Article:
or even if we “reconstruct” it to something like Eisler’s:

Now about this time arose an occasion for new disturbances, a certain Jesus, a wizard of a man, if indeed he may be called a man, who was the most monstrous of men, whom his disciples call a son of God, as having done wonders such as no man has ever done…. He was in fact a teacher of astonishing tricks to such men as accept the abnormal with delight…. And he seduced many Jews and many also of the Greek nation, and was regarded by them as the Messiah…. And when, on the indictment of the principal men among us, Pilate had sentenced him to the cross, still those who before had admired him did not cease to rave. For it seemed to them that having been dead for three days, he had appeared to them alive again, as the divinely-inspired prophets had foretold — these and ten thousand other wonderful things — concerning him. And even now the race of those who are called ‘Messianists’ after him is not extinct.

No matter which reconstruction we look at, notice now what is missing?

Just adding bits as Eisler has done (above) or omitting other bits to leave a passage that is “linguisitically” more Josephan, or “historically” more like the sort of thing Josephus “would write”, does not work. Those alternate TF proposals all miss the context and thematic thread that ties all of the episodes in Antiquities (particularly books 18-20) together.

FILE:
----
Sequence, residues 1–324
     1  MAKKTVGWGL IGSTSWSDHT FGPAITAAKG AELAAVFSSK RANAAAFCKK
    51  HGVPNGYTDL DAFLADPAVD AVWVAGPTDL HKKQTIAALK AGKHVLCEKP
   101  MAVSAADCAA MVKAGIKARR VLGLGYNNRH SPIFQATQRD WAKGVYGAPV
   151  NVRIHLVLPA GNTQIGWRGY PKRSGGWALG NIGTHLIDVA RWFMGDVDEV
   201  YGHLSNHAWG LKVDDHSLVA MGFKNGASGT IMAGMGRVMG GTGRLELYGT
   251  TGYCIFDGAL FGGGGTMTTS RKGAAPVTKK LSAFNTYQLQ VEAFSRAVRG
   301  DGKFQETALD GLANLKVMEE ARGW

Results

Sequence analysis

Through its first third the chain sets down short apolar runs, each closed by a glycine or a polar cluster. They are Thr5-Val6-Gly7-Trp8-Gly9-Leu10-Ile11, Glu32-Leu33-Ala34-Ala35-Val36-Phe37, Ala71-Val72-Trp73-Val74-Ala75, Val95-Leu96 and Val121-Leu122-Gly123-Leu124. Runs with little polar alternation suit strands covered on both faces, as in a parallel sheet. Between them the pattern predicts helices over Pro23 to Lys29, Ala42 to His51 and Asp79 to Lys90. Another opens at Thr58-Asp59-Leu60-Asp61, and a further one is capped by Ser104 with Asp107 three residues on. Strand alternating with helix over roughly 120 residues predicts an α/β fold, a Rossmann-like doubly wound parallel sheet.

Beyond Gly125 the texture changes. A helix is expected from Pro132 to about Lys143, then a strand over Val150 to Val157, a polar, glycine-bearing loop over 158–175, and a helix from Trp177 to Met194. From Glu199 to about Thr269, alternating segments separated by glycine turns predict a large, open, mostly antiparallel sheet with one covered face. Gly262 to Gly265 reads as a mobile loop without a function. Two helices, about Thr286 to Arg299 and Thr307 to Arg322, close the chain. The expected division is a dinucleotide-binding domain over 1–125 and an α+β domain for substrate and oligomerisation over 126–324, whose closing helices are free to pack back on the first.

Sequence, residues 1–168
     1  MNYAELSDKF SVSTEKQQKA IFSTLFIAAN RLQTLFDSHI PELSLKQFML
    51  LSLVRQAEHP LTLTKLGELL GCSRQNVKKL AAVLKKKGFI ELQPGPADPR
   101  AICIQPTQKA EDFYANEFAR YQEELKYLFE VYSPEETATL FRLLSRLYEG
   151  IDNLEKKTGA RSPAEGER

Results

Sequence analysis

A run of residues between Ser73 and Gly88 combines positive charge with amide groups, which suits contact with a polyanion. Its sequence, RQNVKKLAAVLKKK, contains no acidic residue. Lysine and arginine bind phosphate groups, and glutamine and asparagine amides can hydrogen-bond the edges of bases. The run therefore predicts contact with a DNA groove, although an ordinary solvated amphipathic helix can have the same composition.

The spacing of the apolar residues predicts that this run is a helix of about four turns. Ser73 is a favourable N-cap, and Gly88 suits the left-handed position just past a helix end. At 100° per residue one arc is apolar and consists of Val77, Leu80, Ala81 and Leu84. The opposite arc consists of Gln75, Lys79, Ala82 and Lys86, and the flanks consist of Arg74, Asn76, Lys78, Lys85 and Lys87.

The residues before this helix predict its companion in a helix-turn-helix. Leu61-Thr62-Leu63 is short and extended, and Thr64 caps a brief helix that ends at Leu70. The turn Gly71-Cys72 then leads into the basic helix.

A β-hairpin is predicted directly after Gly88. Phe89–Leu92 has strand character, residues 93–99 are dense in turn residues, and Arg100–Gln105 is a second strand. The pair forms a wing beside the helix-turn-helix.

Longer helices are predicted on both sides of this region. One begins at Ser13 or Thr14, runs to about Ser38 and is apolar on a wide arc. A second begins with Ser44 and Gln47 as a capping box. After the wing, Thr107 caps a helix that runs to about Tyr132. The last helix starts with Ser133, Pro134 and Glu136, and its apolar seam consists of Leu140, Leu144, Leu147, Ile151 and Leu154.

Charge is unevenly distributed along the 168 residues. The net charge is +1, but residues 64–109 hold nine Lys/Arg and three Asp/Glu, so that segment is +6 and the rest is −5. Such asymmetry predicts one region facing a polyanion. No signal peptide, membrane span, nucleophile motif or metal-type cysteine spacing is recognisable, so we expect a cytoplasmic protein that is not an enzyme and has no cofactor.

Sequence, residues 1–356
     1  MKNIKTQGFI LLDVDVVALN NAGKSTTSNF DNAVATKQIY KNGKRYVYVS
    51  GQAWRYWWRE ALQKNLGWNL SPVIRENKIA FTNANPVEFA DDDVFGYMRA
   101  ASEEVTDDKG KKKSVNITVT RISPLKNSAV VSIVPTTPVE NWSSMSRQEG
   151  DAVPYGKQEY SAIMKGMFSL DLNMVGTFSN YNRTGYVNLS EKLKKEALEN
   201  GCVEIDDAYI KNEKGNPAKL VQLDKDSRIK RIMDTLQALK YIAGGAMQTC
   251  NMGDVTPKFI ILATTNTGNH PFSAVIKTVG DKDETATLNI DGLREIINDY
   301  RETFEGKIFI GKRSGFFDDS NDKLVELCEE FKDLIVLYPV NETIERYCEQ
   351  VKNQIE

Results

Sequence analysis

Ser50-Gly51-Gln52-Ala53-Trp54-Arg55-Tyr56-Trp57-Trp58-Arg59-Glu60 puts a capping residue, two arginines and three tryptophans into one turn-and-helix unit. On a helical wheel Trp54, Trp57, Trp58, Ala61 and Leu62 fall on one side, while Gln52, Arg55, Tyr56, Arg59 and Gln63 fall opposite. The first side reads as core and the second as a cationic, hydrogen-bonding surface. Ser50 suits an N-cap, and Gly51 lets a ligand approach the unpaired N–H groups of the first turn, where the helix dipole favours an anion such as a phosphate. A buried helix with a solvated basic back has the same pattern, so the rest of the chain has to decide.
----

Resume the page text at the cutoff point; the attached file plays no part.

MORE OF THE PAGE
There is not a breath of a hint of how this man Jesus or his followers has anything to do with “the history of the Jews”, or their relevance to any of the themes that are elsewhere fleshed out in all the narratives of Josephus.

Whether Josephus tells readers about Judas and Sadduc, or Theudas or “that Egyptian” (both in Book 20), or any of the other Jewish trouble-makers or Jewish notables in Book 18, in every single case Josephus is discussing the workings of God and the natural outcomes of adhering to or violating the laws and nature of God. Sometimes gentiles are the heroes and villains, but the Jews especially, with their special offering of the most noble of philosophies and laws that originated with Moses, are naturally centre-stage.

The TF is about Jesus and Christians for their own sakes. That is unlike any other anecdote of Josephus.

The TF tells us about Jesus in a self-contained bubble. He did this, he did that, he was treated this way, and some thought this about him, and here we see his followers around us today.

There is no connection with the demise or suffering of the Jewish people. Nor is there any relevance to the piety of the Jews in the way they courageously or nobly adhered to their customs of their fathers.

Indeed, it is unthinkable that Josephus could have written such a piece, given that he everywhere else is demonstrating to his readers the piety of his own race and peers in opposing or suffering at the hands of Pilate. They don’t just suffer from Pilate, but they suffered (as discussed in my earlier post) because of their loyalty to Moses who taught them look to the Divine Nature.

Or where he does find fault with leaders, it is to demonstrate that it is the ancestral customs of the Jews that they have violated, not the teachings of one whose followers understood as requiring them to part company with Moses.